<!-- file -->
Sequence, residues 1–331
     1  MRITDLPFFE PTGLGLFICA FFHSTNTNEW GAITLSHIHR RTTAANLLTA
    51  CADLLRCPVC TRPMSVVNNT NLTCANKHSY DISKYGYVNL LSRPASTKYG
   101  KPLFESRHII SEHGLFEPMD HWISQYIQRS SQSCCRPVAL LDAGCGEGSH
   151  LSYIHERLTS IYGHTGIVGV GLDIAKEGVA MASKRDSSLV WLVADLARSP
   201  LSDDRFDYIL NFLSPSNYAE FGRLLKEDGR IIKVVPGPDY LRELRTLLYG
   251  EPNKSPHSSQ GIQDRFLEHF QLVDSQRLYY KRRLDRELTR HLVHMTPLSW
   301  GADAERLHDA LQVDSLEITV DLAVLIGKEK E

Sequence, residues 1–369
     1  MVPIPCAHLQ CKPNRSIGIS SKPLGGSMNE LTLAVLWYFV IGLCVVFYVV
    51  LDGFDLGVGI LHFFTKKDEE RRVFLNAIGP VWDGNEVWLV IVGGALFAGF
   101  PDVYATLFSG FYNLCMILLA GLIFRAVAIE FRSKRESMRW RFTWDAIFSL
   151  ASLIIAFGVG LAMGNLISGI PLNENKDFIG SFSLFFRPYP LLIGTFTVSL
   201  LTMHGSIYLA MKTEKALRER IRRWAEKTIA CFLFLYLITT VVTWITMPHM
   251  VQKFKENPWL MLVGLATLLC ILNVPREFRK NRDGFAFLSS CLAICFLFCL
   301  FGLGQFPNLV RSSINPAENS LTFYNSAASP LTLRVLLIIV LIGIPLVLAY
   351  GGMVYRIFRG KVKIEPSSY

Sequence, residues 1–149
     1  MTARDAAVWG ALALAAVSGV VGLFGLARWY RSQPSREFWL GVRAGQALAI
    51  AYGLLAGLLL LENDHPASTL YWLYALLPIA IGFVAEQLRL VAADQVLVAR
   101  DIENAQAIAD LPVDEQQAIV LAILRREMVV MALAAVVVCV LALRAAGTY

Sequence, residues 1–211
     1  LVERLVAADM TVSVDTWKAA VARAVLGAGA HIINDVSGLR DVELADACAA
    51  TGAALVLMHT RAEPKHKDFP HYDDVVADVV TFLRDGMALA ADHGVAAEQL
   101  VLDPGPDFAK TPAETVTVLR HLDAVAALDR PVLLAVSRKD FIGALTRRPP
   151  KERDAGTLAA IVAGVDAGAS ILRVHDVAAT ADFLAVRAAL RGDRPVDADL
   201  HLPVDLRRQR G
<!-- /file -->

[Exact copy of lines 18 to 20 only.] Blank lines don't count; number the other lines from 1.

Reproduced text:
Sequence, residues 1–149
     1  MTARDAAVWG ALALAAVSGV VGLFGLARWY RSQPSREFWL GVRAGQALAI
    51  AYGLLAGLLL LENDHPASTL YWLYALLPIA IGFVAEQLRL VAADQVLVAR